Page last updated at 17:35 GMT, Tuesday, 25 November 2008

Hannah's killer led bigamist life

By Kieran Fox
BBC News

Kohli's second wife speaks of her trauma

Deep in the state of West Bengal in India, Red Cross volunteer Bharati Dass thought she had met the "jolly man" of her dreams.

She was so convinced that Mike Dennis - a fellow Red Cross volunteer - was the man for her that she agreed to run away with him.

And just three months after they met, the couple married in secret.

"I wanted to marry him because he had a very jolly personality and by seeing that kind of personality I liked him," she said.

"He was just as good with young children as he was with adults. He was happy with everyone on the [vaccination] camps."

But little did Ms Dass realise that Mike Dennis was hiding a dark secret.

Her new husband was actually Maninder Pal Singh Kohli, a fugitive murderer and rapist who had fled to India after killing 17-year-old student Hannah Foster in Southampton, England.

I have to move on, I have to find the strength to come to terms with it
Ms Dass

He had left Britain, where he already had a wife and two young children, two days after Hannah's body was discovered on a roadside just outside of the city.

Using his alias in India he managed to keep one step ahead of police and he became confident.

Brigadier Nripad Kumar Gurung, vice-chairman of the Indian Red Cross, said Kohli came to them seeking to be a volunteer with their hepatitis B inoculation programme.

'Popular man'

He said he was introduced to Kohli by a man called Oath Bahadur Dass - Ms Dass's father, and described him as a helpful and enthusiastic volunteer.

"He had come to us from Darjeeling with one other person who supplies us with medicines," he said.

"So we were not quite aware of his background, he was just like any other person.

Oath Bahadur Dass
Mr Dass said he did not welcome his daughter's marriage to Kohli

"He was quite a popular man because whenever the children were there he used to go down to the shops and buy toffees and give it to the children."

Ms Dass said that when she met Kohli he was a "nice man" who everyone respected.

"It was good to live with him, he used to look after me, he used to cook for me, he used to call me Suni (meaning beautiful)," she told the BBC through a translator.

But their marriage was not well received by her father.

Speaking through a translator, Mr Dass said: "I was told that Bharati had run away…. she had taken the decision to get married and so be it.

"He was a total stranger to us. Our daughter getting married to him was a bit of a surprise and I don't think it was very welcome news. I was totally hurt.

"When I heard the news that Hannah Foster had been murdered by an Indian I somehow felt in my inner mind that could be this man. But of course at that point I could not confirm it."

The marriage was to last only 28 days.

bus stop
The bus stop in Panighata where Kohli was arrested

All the while Hannah's parents had been visiting India to appeal for help in tracing Kohli.

Kohli became worried by media reports and he led his new wife on an "outing", towards the border with Nepal and away from capture.

Meanwhile, a suspicious Mr Dass was frantically trying to find his daughter's whereabouts.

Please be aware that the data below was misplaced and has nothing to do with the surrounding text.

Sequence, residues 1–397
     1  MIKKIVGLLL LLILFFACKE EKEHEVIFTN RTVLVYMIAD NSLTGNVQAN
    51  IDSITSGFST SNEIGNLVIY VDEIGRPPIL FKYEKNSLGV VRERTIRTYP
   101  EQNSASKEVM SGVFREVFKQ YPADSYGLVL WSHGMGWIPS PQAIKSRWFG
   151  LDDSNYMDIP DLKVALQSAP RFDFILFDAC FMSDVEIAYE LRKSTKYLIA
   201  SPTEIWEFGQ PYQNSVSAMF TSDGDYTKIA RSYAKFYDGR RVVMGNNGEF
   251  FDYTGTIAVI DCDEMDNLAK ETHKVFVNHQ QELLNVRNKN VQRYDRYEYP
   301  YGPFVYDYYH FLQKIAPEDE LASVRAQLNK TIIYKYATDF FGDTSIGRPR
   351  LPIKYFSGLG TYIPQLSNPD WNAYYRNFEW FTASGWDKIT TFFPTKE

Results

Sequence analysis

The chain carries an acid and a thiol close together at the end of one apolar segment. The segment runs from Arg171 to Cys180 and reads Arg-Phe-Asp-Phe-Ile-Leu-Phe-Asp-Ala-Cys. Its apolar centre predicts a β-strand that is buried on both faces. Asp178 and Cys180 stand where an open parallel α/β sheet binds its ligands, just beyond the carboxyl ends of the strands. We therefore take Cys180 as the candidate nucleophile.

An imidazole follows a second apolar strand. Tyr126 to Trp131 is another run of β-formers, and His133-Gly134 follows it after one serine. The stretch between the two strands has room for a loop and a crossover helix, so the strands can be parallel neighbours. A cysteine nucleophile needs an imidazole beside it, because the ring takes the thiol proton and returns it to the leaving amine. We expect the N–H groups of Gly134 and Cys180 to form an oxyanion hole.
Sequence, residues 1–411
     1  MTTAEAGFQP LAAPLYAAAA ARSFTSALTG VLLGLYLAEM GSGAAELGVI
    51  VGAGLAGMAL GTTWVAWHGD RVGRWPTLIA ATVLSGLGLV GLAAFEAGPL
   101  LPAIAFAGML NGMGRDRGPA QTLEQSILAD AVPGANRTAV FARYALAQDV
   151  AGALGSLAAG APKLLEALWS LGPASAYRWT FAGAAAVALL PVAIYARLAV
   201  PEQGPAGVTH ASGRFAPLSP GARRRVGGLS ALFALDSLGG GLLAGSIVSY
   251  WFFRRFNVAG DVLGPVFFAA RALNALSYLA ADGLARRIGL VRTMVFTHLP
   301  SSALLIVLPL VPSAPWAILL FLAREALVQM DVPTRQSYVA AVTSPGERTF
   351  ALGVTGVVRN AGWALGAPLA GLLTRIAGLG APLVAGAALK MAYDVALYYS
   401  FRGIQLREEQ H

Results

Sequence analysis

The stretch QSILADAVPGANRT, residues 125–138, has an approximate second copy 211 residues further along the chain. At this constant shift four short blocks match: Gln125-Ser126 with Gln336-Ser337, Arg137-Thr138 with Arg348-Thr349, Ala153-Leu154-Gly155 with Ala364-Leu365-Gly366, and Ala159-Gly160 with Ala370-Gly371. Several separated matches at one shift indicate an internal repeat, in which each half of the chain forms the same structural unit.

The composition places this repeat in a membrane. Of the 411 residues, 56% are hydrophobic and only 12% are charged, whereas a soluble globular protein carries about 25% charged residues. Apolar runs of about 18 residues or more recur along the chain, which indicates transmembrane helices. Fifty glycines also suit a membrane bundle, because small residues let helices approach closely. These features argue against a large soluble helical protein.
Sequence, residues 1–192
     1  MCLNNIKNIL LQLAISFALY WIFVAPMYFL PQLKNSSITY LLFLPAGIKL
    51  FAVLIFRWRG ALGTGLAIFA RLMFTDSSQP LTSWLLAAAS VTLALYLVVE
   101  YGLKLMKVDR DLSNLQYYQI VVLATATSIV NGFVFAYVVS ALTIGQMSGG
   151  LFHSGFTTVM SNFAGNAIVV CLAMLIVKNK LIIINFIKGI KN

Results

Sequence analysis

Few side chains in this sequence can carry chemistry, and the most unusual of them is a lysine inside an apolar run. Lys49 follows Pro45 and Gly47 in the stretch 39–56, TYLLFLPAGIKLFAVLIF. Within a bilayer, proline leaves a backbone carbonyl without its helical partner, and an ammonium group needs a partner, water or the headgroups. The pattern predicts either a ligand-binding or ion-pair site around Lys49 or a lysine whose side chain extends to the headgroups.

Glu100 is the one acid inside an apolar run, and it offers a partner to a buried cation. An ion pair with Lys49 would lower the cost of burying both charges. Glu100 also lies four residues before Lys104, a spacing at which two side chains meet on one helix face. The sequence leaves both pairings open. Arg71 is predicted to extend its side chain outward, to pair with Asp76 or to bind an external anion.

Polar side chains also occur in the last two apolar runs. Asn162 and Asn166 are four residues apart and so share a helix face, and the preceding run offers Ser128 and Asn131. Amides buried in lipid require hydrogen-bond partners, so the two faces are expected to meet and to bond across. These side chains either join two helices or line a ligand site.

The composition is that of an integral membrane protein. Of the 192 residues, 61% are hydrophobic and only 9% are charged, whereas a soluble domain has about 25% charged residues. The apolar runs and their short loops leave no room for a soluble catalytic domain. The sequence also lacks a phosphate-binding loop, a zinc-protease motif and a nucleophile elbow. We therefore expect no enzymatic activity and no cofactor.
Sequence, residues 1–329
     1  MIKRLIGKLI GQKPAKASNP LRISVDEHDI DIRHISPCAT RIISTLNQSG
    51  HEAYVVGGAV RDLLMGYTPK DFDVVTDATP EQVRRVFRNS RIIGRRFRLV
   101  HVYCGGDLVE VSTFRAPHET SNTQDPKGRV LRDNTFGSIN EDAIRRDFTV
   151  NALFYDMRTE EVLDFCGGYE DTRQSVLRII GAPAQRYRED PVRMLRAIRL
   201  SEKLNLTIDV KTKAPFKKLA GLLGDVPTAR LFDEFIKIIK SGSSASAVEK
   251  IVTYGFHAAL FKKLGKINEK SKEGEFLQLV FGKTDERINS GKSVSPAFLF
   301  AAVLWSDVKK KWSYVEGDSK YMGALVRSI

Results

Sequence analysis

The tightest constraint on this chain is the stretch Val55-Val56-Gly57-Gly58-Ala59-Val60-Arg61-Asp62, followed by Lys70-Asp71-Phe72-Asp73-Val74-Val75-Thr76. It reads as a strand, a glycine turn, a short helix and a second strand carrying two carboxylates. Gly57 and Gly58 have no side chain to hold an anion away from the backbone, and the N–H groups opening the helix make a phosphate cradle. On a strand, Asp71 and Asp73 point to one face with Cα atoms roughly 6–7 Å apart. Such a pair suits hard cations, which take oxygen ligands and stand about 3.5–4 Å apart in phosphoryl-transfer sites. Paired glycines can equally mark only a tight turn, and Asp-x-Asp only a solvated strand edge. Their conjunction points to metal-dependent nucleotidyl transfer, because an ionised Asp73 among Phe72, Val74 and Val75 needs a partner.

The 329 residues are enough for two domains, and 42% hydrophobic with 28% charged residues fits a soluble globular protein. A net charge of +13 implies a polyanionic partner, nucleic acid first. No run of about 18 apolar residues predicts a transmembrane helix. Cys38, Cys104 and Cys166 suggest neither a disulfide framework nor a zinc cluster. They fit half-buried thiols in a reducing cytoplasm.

"I telephoned all over," he said.

"Around midnight I could speak to Kohli on his cell phone and when I asked him where they were, Kohli told me they were on their way to Gangtok."

Picture in paper

Mr Dass was feeding the information he gleaned to the local police.

Kohli and Ms Dass were tracked down to Panighata near the Nepalese border and he was arrested by undercover police as the couple waited at a bus stop.

"I was so shocked," said Ms Dass.

Maninder Pal Singh Kohli in the UK before the murder
Maninder Pal Singh Kohli in the UK before the murder

"Then there were his pictures in the newspaper and I saw those, that's when I found out for the first time he was somebody else and people were also telling me things about him.

"There was not anything about him that led me to believe there was anything wrong."

Kohli continued to protest his innocence.

Officer Pradham of the West Bengal Police said had Kohli crossed the border into Nepal, he may never have been captured.

The revelation about Kohli came as a shock to his new family.

Mr Dass said: "We never thought he was a murderer, it was quite a big surprise to us.

"Obviously he was running away from the law and he was trying to find a place, a corner of India as it were where he could just get lost.

"It was a big blow to me because my family has a very good reputation, including my daughters."

Ms Dass was traumatised by the experience and for a while became a recluse.

"In the future I won't run away and get married. The next time it will be with the knowledge of my parents," she said.

"I'm OK now, but I have to move on, I have to find the strength to come to terms with it."

Print Sponsor


RELATED INTERNET LINKS
The BBC is not responsible for the content of external internet sites


FEATURES, VIEWS, ANALYSIS
Has China's housing bubble burst?
How the world's oldest clove tree defied an empire
Why Royal Ballet principal Sergei Polunin quit

BBC navigation

BBC © 2014 The BBC is not responsible for the content of external sites. Read more.

This page is best viewed in an up-to-date web browser with style sheets (CSS) enabled. While you will be able to view the content of this page in your current browser, you will not be able to get the full visual experience. Please consider upgrading your browser software or enabling style sheets (CSS) if you are able to do so.

Americas Africa Europe Middle East South Asia Asia Pacific